Thanks to Thomas Aquinas, it was once fashionable amongst philosophers to make assumptions about a “state of nature”, a time of innocence in which humanity was naked at first base. Hobbes, Locke, Rousseau, Montesquieu and Hume all deployed it.
I considered a while ago on the blog that the features of Stone Age society – the state of nature – were common to the aspirations of the more radical social business thinkers.
Of course basing ideas of present condition and future development on a framework that could not possibly be known was like building towerblocks on quicksand.
But perhaps the approach has some validity in considering work and workplace issues we face today. In reverse. Suppose we offer the craved ideal of any given situation as a state of nature, and consider whether it would hold, or would morph over time into the reality of today.
For example, we decry silos, and claim that only when we tear them down will we be truly productive.
If all professions were therefore solidified into one mass, were all hewn from the same base rock, would they in time fracture, find their own corners? Faced with increasing complexity, would each start to consider that their knowledge and weltanschauung was unique, that only they understood one another, that their collective interests differed from the rest of the collective? Would they start to erect barriers to entry, to establish tests of validity?
We scorn the waste and damage inherent in the daily commute and claim that more people should be working from home or remotely, and are bombarded by statistics showing happier more productive employees when allowed to do so.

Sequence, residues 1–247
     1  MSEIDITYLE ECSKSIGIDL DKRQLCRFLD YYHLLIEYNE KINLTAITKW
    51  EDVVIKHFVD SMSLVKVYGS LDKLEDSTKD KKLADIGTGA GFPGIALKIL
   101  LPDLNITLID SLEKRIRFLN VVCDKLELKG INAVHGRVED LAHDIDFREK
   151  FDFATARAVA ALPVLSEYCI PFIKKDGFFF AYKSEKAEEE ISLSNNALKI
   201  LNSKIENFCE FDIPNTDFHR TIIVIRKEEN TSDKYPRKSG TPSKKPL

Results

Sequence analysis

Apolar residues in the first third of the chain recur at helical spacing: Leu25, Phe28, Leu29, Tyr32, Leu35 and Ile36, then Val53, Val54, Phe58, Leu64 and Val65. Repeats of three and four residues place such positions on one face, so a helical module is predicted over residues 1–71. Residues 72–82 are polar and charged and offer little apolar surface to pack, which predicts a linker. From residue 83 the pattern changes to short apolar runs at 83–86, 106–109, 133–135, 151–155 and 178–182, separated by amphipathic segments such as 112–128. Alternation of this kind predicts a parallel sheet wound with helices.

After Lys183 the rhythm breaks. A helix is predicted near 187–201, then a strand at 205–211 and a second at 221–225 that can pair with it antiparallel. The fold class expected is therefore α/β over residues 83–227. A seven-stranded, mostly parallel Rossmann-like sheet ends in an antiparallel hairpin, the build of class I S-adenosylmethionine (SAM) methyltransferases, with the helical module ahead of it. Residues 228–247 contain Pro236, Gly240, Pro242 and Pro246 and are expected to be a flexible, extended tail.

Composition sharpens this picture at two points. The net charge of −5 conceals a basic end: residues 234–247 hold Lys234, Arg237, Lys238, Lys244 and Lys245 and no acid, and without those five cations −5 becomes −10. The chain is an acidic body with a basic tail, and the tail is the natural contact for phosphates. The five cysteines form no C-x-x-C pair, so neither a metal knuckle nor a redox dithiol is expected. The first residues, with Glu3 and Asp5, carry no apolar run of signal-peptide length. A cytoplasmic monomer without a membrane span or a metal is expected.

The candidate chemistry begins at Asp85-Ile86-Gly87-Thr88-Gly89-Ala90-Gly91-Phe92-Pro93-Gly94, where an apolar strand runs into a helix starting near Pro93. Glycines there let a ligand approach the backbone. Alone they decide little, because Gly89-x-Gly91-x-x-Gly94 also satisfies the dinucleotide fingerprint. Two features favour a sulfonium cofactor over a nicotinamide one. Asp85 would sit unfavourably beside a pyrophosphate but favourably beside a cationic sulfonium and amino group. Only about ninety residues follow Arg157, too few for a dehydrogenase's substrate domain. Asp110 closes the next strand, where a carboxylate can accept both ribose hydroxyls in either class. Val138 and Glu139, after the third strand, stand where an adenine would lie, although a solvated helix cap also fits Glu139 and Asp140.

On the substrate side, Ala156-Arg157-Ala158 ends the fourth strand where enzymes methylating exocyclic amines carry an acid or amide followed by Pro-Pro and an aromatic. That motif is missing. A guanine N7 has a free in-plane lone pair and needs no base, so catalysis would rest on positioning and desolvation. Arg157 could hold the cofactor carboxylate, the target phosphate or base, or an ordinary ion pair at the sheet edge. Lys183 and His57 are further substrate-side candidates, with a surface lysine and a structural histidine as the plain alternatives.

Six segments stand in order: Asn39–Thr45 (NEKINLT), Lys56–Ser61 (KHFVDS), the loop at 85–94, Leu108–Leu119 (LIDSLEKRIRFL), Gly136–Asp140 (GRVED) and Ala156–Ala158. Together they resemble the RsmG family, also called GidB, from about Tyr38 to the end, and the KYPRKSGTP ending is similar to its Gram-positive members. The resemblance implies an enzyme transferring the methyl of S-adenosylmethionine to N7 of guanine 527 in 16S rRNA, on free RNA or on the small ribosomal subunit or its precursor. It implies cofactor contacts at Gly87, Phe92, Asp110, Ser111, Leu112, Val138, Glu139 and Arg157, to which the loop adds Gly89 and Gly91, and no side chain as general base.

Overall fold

If everyone worked in their own homes, connected by an always-on hyperbandwidth hyperlinked hyperhighway with virtual presence, would the isolation and lack of satisfaction of our senses and blurring of our humanity create a radical suggestion of physically meeting? And experiencing the benefits of this contact, would those early adopters start to consider it a little random, and that they would be better meeting with those with whom they had something in common, like either their profession or their employer?
We lambast developers, architects and designers for creating self-serving workplace structures that fail to consider the physiology and psychology of occupants.
If all workplaces were once entirely designed and created around serving the needs of their occupants (“all about people”), would those tasked with envisioning them consider, in their frustration, physical and technological challenges to this brief? Would they find deeper expressions of the aesthetic that served no purpose at all other than beauty, and would they create barriers to functionality in an attempt to disrupt, provoke, rebel?
We scorn leaders who refuse to listen, who interfere, who fail to motivate and develop their charges.
If all leaders were once innately generous, free spirited souls who got out of the way and stayed out of the way, who communicated with honesty and openness, would some start to consider shortcuts to their goals? Would ideas of control and direction begin to permeate that curtailed freedom, withheld information, no longer tolerated failure from experimentation?
It is a perspective worth considering as a means of testing what we desire. We are always looking for the alternative, and more than ever celebrating the cult of disruption. Yet at reaching the ideal, will the disruption whither? Or does it remain a force for the opposite?
If we started with what we wanted, would we get what we’ve got?